Plans to phase out the minimum wage in favour of the living wage by 2026 were announced by Government. Tánaiste and Minister for Enterprise, Trade and Employment, Leo Varadkar brought the plans to Cabinet earlier this week that would see the gap between the minimum wage and the living wage close over the coming four years.
The living wage will be set at 60% of the median wage in any given year. It is the minimum hourly wage that should enable workers to afford to live at an agreed socially acceptable minimum standard of living.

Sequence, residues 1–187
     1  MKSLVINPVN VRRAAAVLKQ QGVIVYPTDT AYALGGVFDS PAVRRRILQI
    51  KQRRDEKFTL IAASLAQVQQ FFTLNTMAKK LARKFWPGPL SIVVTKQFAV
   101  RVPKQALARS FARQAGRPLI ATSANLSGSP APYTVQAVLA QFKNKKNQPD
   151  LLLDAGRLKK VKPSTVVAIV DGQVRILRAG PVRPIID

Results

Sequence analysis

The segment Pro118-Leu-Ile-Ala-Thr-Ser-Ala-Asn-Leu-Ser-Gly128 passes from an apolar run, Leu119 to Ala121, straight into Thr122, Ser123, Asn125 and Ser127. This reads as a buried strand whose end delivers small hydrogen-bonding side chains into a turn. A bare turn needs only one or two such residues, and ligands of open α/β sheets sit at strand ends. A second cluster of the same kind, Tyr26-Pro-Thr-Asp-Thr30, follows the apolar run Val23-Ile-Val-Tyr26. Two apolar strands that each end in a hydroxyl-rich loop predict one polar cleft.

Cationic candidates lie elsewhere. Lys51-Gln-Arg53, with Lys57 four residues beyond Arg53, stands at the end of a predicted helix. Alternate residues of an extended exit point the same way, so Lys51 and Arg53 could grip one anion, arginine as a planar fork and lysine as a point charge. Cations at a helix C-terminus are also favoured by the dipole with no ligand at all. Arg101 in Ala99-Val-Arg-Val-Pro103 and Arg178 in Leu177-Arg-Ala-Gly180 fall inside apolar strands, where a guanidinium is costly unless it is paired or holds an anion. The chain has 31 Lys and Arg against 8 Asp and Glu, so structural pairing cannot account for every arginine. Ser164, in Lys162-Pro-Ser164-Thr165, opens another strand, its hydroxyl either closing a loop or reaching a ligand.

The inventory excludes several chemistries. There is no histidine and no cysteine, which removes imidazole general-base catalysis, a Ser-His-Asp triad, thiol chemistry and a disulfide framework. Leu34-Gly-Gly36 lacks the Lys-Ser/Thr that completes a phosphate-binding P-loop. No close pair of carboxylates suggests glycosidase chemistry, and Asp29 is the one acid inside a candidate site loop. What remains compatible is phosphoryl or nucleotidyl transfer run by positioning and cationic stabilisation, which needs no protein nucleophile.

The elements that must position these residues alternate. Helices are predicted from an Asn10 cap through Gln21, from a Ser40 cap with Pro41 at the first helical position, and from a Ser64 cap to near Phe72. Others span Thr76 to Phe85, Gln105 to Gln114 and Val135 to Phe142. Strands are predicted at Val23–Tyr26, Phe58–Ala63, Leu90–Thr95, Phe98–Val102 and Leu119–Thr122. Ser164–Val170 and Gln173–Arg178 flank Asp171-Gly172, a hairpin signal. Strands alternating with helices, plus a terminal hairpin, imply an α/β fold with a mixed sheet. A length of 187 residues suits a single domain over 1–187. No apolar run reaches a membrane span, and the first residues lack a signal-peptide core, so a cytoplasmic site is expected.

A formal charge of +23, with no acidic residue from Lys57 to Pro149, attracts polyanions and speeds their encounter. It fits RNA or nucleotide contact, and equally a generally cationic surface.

While the exact living wage would depend on the median wage in a given year, the Department of Enterprise gave indicative figures illustrating how the living wage would change over the coming four years based on current projections; €12.17 p/h in 2022, €12.54 in 2023, €12.92 in 2024, €13.30 in 2025, and €13.70 in 2026.
The new plans would also mean that the living wage would become mandatory for all employers by 2026. However, the economic circumstances of the country may delay the proposed changes.